Large consulting firms rule out Australian job cuts

12 March 2023 3 min. read
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A quick succession of economic cycles has led to many recent highs and lows for the consulting market, with a current downturn threatening jobs. But Australia’s consultants can breathe a sigh of relief.

A moment of potential panic for Australia’s management consultants in the face of slowing advisory engagements may have eased somewhat, with several large firms claiming there won’t be any local cuts despite KPMG’s move to slash 200 jobs.

McKinsey & Company, Deloitte, Ernst & Young, and PwC have all now publicly stated that they have no intentions to retrench locally-based staff, although most will slow hiring in the short-term.

Large consulting firms rule out Australian job cuts

The Australian consulting employment market has experienced a pretty wild ride over the past few years, with a steady rise in headcounts leading into the 2020s suddenly hit by widespread job losses in the wake of Covid-19. One by one, members of the Big Four announced their intentions to cut fee-making staff, by as many as 700 in the case of Deloitte and initially 400 at PwC. Then the sector bounced back faster and stronger than expected.

Fast forward briefly, and all of sudden consulting and accounting firms were desperate to fill an unprecedented number of vacancies, the chronic skills shortage exacerbated by the country’s extended border closures and leading to record-high wages and all manner of novel employee incentives. Then the rebounding economy was hit by rampant inflation and impacted by the conflict in Ukraine, resulting in a much more tentative business market.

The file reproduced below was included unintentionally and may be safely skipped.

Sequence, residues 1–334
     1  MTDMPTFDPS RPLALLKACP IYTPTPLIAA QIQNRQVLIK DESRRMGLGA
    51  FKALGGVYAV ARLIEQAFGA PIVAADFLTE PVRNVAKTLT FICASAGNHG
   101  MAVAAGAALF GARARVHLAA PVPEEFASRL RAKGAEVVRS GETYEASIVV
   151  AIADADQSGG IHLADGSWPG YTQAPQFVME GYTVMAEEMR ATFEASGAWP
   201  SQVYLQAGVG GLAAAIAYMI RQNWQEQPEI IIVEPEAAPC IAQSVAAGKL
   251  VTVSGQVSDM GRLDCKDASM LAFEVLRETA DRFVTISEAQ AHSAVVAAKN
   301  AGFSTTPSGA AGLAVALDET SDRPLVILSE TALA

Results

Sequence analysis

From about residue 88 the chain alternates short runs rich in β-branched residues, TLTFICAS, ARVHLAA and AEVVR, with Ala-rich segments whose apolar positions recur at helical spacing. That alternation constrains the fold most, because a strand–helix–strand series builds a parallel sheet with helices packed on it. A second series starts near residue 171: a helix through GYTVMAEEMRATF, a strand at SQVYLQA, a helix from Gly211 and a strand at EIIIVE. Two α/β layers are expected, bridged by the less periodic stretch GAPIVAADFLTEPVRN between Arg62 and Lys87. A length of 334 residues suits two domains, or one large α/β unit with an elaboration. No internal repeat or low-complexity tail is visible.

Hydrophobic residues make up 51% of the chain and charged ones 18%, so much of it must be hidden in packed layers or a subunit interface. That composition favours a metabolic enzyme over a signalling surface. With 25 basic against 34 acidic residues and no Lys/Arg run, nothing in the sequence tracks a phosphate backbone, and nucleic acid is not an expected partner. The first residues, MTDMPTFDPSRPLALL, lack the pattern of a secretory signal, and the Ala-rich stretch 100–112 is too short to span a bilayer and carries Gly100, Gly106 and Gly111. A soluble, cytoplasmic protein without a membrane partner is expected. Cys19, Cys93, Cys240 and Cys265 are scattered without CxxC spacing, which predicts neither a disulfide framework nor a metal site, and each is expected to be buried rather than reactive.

Such conditions and common reports of a notable softening in demand for non-essential advisory projects have led to fears of industry downsizing, especially with KPMG and then McKinsey planning sizeable cuts at the global level. The latter has since clarified to local staff that it doesn’t intend to cut any consultants from its Australia roster though, while the wider review of the firm’s operating model is said to be business as usual if not overdue.

Indeed, McKinsey’s global media relations director DJ Carella told the AFR that contrary to trends elsewhere, business hasn’t slowed at the firm: “With demand from our clients expanding, we continue to hire client-serving professionals and invest in our ability to serve clients. In parallel, we are redesigning the way our non-client-serving teams operate for the first time in more than a decade, so that these teams can effectively support and scale with our firm.”

At the local level, both EY and Deloitte and have also told the Australian Financial Review that jobs would be spared despite the slow-down, with the latter meanwhile welcoming its largest ever intake of 1,300 graduates and still projecting a 15 percent increase in revenues for this financial year. PwC, too, is forecasting revenue growth in the range of 10 percent to 15 percent, while all of the Big Four have reported a recent reduction in staff turnover.

“I would say we are sort of steady to maybe slightly slow – we’ve got about 1,100 open roles today, so we’re still hiring,” PwC CEO Tom Seymour told the publication. “We’ve worked really hard to make sure we’ve got the right amount of people but not too many people because you don’t want to have to get to doing redundancies in organisations. They’re painful processes. Our resourcing levels at the moment are set to the demand we’ve got.”